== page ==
where forumla and forumla are simulated GPR signals from HYDRUS-1D and coupled model data, respectively, and N is the total number of Green’s function elements. Table 1 shows the RMSE values for all soil textures. A plot of RMSE values versus Δθanl (Fig. 2) demonstrates that the deviation between GPR signals derived from moisture profiles simulated with HYDRUS-1D and with the coupled model increases with increasing Δθanl or increasing extent of the drying front. As a consequence, the analytical parameter Δθanl can be considered as a proxy for the impact that vapor flow could have on soil moisture profiles in drying fronts and consequently on radar data. For Δθanl larger than 0.15, huge RMSE are observed in Fig. 2. Consequently, the analytical parameter larger than 0.15 is considered as a quantitative criterion for a significant impact of vapor flow and soil moisture profiles in drying fronts and on GPR data.

Sensitivity Analysis

In addition to the relation between soil texture and Δθanl, we investigated the relation between Δθanl and the van Genuchten–Mualem parameters. In general, θr and θs do not vary over large ranges between different soil textures. The parameter θr is regarded as an empirical parameter and can be fixed either to a value which yields the best fit to the experimental water retention data or to zero. Furthermore, θs and θr can be directly derived from GPR measurements, respectively, under saturated and dry conditions at the soil surface (Lambot et al., 2009; Jadoon et al., 2012). The parameter τ is generally considered to have a small effect on the hydrodynamic events and can be either fixed to the average value of 0.5 (Mualem, 1976) or, preferably, estimated from bulk density and hydraulic conductivity with which it is highly correlated (Vereecken, 1995). Given these considerations, we assumed θr, θs, and τ to be known in the sensitivity analysis and the response function Δθanl was calculated considering three parameter pairs α–n, α–Ks, and nKs. For all calculations, the parameter ranges were relatively large so that they represent the prevailing soil hydraulic properties of most soils, namely, 0.001 < α < 0.2 cm−1, 1.02 < n < 3, and 5 < Ks < 1000 cm d−1. The range of each parameter was divided into 50 discrete values, resulting in 2500 calculations for each contour plot. The sensitivity analysis was performed for a soil column with 30-cm thickness and evaporation rate of 0.2 cm d−1. The response surfaces of the analytical parameter are presented in Fig. 3.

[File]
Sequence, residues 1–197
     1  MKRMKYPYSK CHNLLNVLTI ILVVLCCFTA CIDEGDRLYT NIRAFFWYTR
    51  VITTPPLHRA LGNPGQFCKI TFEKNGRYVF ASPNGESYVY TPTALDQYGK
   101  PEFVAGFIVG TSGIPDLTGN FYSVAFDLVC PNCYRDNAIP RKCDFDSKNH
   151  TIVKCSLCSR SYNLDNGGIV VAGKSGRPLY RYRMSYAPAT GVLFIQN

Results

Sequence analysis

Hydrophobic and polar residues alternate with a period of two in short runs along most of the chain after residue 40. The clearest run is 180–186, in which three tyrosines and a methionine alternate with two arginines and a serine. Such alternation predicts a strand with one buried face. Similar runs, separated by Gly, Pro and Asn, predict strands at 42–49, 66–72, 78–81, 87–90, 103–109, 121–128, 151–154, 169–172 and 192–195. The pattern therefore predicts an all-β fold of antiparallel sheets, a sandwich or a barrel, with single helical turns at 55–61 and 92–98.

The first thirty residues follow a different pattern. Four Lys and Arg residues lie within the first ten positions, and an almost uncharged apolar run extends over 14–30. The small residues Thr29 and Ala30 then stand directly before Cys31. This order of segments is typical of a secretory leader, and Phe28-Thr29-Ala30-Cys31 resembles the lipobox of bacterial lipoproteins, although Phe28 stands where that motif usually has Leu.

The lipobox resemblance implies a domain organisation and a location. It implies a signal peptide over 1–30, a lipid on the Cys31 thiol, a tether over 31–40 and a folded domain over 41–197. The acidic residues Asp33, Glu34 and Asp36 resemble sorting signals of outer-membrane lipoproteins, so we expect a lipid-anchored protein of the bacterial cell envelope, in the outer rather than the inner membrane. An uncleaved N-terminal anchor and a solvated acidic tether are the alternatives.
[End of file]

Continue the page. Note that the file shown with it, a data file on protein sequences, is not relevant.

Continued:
The topography of the response function provides valuable insights into the sensitivity of the Δθanl to the different hydraulic parameters and parameter correlations. Regarding the α–n plane (Fig. 3a), for 1.04 < n < 1.7 and α > 0.015 cm−1, the response function presents values higher than our threshold (= 0.15). In these ranges of parameters, α is positively correlated with Δθanl. Concerning the α–Ks pair (Fig. 3b), Ks is negatively correlated with Δθanl, and for Ks < 200 cm d−1 and α > 0.001 cm−1, the response function has values higher than our threshold. For the nKs pair (Fig. 3c), the response function presents values higher than 0.15 for Ks < 200 cm d−1 and 1.04 < n < 3. This analysis demonstrates that, theoretically, soils with n < 1.7, α > 0.015 cm−1, and Ks < 200 cm d−1 present higher capability than other soil textures to develop significantly large drying fronts (Δθanl > 0.15) during the second phase of evaporation and consequently present more eminent impacts of vapor flow on GPR data. These ranges of parameters are mainly attributed to medium textured soils that are characterized by a wide pore size distribution (Leij et al., 1996). Given the van Genuchten–Mualem hydraulic parameters presented in Table 1, this analysis shows that soil textures such as loam, silt, silt loam, sandy clay loam, clay loam, and sandy clay present more considerable influences of vapor flow on GPR data than other soils, which is consistent with the results presented in Fig. 2.

Water Content Profiles